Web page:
Vancouver police have noticed a surge in tampered currency, specifically “splice-and-tape” scams, and are warning the public to take a second look at banknotes of all denominations.
Criminals are splicing $5 bills to remove the holographic strips and are then adding them to colour-copied $100 notes, making the phony bills seem less suspicious. They replace the hologram strip with foil or other reflective material cut in the same shape as the original and laminate it in clear packing tape. The blue part of the five remains intact, making the bill pass cursory inspection. The fraudulent bills are then slipped into circulation, allowing the scammers to make $105 out of a single five and a copied hundred.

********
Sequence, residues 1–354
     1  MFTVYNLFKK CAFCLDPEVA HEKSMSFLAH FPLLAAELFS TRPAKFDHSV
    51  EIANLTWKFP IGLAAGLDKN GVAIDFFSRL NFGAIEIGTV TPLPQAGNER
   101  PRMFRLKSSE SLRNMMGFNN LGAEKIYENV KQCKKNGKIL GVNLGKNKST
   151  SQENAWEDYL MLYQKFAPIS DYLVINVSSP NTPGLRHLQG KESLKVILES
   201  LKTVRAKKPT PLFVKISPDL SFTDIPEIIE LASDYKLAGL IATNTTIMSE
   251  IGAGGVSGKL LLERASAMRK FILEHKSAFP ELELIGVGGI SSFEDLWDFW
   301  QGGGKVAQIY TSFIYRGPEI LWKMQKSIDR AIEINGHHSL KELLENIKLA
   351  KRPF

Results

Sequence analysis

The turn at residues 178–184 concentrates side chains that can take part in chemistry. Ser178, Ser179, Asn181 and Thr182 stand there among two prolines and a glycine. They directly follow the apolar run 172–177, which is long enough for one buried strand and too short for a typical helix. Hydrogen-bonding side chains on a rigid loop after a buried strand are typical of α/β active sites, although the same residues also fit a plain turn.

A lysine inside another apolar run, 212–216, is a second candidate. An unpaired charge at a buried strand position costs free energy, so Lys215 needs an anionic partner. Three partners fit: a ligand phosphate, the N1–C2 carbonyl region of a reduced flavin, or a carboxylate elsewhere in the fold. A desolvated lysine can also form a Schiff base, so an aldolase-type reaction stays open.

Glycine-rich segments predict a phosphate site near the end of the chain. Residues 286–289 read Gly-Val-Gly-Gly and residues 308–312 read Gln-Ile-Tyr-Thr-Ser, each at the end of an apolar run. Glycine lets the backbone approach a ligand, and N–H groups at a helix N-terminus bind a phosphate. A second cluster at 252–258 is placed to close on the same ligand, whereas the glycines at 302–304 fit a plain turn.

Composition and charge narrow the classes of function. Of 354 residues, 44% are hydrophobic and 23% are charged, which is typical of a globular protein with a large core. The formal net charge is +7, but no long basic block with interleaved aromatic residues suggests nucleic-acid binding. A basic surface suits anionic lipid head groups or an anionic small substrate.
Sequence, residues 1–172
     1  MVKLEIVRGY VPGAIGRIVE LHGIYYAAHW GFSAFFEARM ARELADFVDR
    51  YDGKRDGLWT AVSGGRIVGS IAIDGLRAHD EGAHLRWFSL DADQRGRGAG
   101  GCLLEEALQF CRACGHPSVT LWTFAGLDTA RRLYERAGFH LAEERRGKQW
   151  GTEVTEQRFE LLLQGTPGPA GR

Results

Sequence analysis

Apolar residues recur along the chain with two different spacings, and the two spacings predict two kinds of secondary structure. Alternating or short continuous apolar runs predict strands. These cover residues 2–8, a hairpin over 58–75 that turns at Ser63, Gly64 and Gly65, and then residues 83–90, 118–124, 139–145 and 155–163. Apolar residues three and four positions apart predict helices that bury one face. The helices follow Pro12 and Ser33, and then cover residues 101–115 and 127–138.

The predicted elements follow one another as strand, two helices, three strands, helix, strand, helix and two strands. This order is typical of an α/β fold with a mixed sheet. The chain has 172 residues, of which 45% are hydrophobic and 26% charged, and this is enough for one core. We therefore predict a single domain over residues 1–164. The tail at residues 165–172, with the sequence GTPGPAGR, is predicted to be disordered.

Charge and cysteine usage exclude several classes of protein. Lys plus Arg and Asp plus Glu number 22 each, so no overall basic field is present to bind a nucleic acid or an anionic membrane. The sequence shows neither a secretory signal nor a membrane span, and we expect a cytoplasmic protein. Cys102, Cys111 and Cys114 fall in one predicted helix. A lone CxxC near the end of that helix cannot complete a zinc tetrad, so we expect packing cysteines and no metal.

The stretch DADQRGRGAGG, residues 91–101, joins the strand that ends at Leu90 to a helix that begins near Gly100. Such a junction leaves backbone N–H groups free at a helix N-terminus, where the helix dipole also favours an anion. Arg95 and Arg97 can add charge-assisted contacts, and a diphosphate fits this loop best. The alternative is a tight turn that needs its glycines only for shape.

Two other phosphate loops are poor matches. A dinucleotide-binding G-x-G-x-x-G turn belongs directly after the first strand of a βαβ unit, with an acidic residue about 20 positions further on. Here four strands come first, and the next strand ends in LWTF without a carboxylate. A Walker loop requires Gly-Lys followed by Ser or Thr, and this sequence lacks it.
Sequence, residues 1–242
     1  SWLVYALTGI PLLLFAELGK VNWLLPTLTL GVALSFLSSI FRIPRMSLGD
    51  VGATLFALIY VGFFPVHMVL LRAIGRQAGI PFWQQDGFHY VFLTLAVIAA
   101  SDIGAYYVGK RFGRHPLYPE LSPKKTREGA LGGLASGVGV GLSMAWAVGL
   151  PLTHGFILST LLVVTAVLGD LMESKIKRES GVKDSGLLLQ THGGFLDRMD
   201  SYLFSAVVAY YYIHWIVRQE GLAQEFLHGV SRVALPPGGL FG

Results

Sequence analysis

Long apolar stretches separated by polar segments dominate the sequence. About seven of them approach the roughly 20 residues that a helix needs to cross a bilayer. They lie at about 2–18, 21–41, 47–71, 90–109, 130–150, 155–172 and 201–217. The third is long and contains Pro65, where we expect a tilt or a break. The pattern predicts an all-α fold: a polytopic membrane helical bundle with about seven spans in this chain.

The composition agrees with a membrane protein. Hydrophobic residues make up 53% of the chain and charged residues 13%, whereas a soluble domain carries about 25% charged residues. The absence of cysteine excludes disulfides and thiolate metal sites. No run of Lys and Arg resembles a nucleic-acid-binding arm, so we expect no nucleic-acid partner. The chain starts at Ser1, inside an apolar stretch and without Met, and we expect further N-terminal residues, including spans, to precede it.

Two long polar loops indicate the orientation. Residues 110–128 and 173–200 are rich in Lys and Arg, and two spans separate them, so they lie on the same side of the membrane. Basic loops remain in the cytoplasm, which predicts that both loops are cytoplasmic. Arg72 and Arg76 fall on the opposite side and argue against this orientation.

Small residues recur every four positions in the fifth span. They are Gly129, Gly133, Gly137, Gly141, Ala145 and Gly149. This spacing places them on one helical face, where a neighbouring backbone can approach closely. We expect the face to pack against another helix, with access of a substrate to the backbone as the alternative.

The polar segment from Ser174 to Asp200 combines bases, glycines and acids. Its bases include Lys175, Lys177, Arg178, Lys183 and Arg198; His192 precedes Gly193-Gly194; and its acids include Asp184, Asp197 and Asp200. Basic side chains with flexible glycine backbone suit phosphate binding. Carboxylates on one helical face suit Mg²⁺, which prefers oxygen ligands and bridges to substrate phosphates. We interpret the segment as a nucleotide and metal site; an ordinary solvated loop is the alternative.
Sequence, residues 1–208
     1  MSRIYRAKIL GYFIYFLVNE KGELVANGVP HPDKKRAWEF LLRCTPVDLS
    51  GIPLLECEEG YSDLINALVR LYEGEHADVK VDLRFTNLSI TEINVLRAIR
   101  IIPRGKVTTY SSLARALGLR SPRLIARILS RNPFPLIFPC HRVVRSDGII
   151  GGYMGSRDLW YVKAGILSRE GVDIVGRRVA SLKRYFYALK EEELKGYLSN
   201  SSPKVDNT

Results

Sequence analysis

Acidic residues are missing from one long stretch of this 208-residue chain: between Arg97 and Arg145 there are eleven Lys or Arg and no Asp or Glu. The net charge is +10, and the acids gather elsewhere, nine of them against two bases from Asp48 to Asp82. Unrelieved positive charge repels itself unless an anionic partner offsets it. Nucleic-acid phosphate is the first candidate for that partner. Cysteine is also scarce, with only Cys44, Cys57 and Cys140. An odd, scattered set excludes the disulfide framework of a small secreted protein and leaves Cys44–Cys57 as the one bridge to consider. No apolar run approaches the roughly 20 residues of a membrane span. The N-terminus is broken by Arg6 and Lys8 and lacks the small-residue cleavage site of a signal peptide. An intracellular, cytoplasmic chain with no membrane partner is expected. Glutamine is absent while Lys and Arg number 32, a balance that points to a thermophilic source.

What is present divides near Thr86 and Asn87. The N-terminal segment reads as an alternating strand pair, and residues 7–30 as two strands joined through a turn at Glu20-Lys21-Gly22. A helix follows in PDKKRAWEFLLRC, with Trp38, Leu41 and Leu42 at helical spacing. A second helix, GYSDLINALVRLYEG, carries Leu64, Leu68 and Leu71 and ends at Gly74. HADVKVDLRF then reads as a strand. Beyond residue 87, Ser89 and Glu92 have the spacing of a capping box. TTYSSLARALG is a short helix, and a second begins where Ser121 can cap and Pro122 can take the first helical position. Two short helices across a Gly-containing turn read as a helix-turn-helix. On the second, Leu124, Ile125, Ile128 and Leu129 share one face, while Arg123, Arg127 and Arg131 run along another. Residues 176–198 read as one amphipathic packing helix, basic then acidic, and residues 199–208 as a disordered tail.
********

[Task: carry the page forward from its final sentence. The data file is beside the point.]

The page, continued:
Tampering with currency and even knowingly circulating tampered currency are federal crimes that come with a maximum 14-year prison sentence.
Bank of Canada analyst Farid Salji said most people don’t pay attention to smaller bills, “this is what [criminals] prey upon – people not verifying the banknote.”
“Regardless of what denomination you get you should always check your bills,” said Salji, “and never rely on just one security feature, always check two or more.”
Read more at CTV News